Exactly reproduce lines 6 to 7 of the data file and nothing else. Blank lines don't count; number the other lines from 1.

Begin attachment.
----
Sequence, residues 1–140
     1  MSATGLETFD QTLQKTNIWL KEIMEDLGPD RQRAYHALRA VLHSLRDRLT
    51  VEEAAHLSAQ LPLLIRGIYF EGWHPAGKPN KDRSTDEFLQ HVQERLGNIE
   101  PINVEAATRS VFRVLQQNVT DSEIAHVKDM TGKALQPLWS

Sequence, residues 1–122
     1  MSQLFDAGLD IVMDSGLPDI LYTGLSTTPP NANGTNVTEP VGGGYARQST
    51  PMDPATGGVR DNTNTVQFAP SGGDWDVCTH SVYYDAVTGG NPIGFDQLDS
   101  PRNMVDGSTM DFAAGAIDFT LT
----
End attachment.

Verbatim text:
     1  MSQLFDAGLD IVMDSGLPDI LYTGLSTTPP NANGTNVTEP VGGGYARQST
    51  PMDPATGGVR DNTNTVQFAP SGGDWDVCTH SVYYDAVTGG NPIGFDQLDS